Maryland Attorney General Brian Frosh Maryland Attorney General's Office
Wells Fargo Bank and JPMorgan Chase Bank reached a settlement with Maryland Attorney General Brian Frosh on Thursday over allegations that they participated in a kickback scheme with Genuine Title, LLC.
The banks allegedly referred clients to the now-defunct Maryland title company from 2009 to 2013 in exchange for direct-mail marketing services and leads for its loan officers.
"Homeowners were steered toward this title company, not because they were the best or most affordable, but because they were providing kickbacks to loan officers who referred customers to them," Frosh said. "This type of quid pro quo is illegal, and it's unfair to other businesses that play by the rules."
As part of the settlement, Wells Fargo will reimburse $10.8 to customers who used Genuine Title to close loans between September 2011 and early 2014. The bank also will pay $21 million in penalties to the Consumer Financial Protection Bureau (CFBP) and $3 million to the Consumer Protection Division.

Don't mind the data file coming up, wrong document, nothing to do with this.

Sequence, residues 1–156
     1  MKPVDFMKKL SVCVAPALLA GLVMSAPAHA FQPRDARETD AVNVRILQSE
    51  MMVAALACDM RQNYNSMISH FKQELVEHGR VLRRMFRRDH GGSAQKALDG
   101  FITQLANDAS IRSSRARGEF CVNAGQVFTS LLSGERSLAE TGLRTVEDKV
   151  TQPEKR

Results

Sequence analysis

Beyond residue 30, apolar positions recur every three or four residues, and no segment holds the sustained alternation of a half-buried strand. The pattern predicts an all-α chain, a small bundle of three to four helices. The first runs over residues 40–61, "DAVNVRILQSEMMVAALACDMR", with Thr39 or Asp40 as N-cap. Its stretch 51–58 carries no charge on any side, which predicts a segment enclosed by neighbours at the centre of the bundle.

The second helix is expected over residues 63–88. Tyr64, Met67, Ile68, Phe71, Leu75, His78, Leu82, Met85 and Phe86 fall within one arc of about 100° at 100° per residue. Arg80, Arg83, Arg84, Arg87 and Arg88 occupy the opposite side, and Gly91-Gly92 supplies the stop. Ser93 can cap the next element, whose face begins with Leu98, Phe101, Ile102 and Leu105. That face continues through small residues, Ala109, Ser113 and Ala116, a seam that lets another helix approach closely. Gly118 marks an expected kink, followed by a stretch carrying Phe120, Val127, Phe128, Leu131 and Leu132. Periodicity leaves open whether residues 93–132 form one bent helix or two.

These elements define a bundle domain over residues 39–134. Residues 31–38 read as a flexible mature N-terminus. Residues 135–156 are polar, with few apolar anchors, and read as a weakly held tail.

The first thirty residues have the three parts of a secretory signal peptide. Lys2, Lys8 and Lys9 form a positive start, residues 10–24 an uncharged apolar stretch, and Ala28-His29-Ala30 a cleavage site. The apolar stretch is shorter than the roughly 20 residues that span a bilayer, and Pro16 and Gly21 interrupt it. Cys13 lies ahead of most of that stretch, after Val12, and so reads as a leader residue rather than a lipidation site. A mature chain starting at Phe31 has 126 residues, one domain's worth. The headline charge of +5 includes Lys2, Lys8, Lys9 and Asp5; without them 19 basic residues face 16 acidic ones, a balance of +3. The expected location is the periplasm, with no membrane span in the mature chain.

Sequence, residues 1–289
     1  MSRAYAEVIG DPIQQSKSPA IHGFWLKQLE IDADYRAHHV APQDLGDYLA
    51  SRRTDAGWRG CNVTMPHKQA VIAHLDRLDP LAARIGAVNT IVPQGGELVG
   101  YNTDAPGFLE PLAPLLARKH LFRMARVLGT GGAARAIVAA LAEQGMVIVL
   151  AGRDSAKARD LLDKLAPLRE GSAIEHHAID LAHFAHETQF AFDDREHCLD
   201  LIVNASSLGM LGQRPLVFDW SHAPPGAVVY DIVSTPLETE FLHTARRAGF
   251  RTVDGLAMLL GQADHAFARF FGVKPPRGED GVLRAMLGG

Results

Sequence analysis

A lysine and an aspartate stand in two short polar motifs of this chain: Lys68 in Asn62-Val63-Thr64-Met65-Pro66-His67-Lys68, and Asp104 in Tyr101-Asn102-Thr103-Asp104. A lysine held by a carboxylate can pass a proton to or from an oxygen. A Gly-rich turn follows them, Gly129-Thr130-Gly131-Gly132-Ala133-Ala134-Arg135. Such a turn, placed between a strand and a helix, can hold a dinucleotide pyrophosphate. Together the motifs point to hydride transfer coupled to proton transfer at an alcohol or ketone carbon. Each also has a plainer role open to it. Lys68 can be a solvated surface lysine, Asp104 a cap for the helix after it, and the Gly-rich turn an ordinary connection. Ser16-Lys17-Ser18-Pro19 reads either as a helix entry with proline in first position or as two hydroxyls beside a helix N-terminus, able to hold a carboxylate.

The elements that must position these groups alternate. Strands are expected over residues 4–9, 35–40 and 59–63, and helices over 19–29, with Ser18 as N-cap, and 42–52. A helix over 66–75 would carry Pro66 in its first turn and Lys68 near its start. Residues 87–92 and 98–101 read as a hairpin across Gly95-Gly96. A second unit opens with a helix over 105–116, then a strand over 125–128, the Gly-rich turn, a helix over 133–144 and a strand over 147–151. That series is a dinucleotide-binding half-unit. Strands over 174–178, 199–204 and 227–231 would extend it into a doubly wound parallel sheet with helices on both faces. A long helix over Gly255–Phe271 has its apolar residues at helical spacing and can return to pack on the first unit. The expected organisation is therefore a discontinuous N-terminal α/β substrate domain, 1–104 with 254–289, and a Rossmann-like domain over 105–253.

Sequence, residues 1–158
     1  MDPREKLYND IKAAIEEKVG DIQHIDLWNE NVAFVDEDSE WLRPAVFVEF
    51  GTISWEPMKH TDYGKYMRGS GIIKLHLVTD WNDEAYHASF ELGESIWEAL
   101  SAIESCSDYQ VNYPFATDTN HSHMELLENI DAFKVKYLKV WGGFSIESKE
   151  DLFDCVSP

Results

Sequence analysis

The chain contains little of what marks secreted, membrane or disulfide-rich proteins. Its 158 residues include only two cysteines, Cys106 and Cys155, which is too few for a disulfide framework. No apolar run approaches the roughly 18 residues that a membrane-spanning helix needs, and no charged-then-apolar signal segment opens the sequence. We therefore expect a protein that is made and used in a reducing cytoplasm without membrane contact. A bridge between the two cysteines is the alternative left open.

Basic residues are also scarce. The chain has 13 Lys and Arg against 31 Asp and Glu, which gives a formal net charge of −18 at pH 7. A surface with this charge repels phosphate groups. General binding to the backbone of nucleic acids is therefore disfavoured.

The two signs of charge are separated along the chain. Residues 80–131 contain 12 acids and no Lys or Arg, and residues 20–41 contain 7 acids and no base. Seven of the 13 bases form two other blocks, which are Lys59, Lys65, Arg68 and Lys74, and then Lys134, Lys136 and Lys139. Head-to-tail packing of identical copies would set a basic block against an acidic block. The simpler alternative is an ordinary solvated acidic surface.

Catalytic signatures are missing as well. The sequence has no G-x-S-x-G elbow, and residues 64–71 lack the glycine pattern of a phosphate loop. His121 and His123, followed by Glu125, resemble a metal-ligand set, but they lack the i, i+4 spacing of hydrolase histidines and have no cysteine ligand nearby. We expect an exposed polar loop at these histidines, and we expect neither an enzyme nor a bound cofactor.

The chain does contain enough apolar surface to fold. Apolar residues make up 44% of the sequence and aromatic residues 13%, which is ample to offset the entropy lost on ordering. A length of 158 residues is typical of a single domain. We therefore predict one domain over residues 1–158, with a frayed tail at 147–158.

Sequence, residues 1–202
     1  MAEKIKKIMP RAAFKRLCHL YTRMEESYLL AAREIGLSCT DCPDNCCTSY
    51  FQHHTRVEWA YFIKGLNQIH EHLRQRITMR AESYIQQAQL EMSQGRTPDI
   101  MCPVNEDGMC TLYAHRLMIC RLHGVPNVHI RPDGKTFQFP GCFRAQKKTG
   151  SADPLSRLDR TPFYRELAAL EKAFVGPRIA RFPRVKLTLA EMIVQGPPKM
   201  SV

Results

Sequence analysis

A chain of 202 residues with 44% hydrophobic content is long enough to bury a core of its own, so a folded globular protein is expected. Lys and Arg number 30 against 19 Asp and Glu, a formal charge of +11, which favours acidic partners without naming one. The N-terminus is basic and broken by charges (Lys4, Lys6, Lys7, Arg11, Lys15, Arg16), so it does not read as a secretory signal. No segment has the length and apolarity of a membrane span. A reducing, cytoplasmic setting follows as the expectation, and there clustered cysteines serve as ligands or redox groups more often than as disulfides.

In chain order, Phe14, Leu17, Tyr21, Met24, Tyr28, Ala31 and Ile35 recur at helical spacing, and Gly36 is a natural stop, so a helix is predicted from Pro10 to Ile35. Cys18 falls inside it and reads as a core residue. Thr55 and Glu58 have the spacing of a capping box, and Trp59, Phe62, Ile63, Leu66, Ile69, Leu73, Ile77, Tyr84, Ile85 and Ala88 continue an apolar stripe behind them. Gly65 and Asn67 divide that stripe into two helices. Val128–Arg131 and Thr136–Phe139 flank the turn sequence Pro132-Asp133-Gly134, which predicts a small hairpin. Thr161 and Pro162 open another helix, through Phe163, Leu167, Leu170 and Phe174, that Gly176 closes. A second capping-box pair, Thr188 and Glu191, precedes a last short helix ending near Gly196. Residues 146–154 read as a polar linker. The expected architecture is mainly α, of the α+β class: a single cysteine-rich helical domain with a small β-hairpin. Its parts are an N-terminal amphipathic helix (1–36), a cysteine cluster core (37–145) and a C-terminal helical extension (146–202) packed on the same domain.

JPMorgan Chase will return $300,000 to clients, and pay another $500,000 in penalties to CFPB and $100,000 to the Consumer Protection Division.
"Today, we took action against two of the nation's largest banks, Wells Fargo and JPMorgan Chase, for illegal mortgage kickbacks," CFPB Director Richard Cordray said. "These banks allowed their loan officers to focus on their own illegal financial gain rather than treating consumers fairly. Our action today to address these practices should serve as a warning for all those in the mortgage market."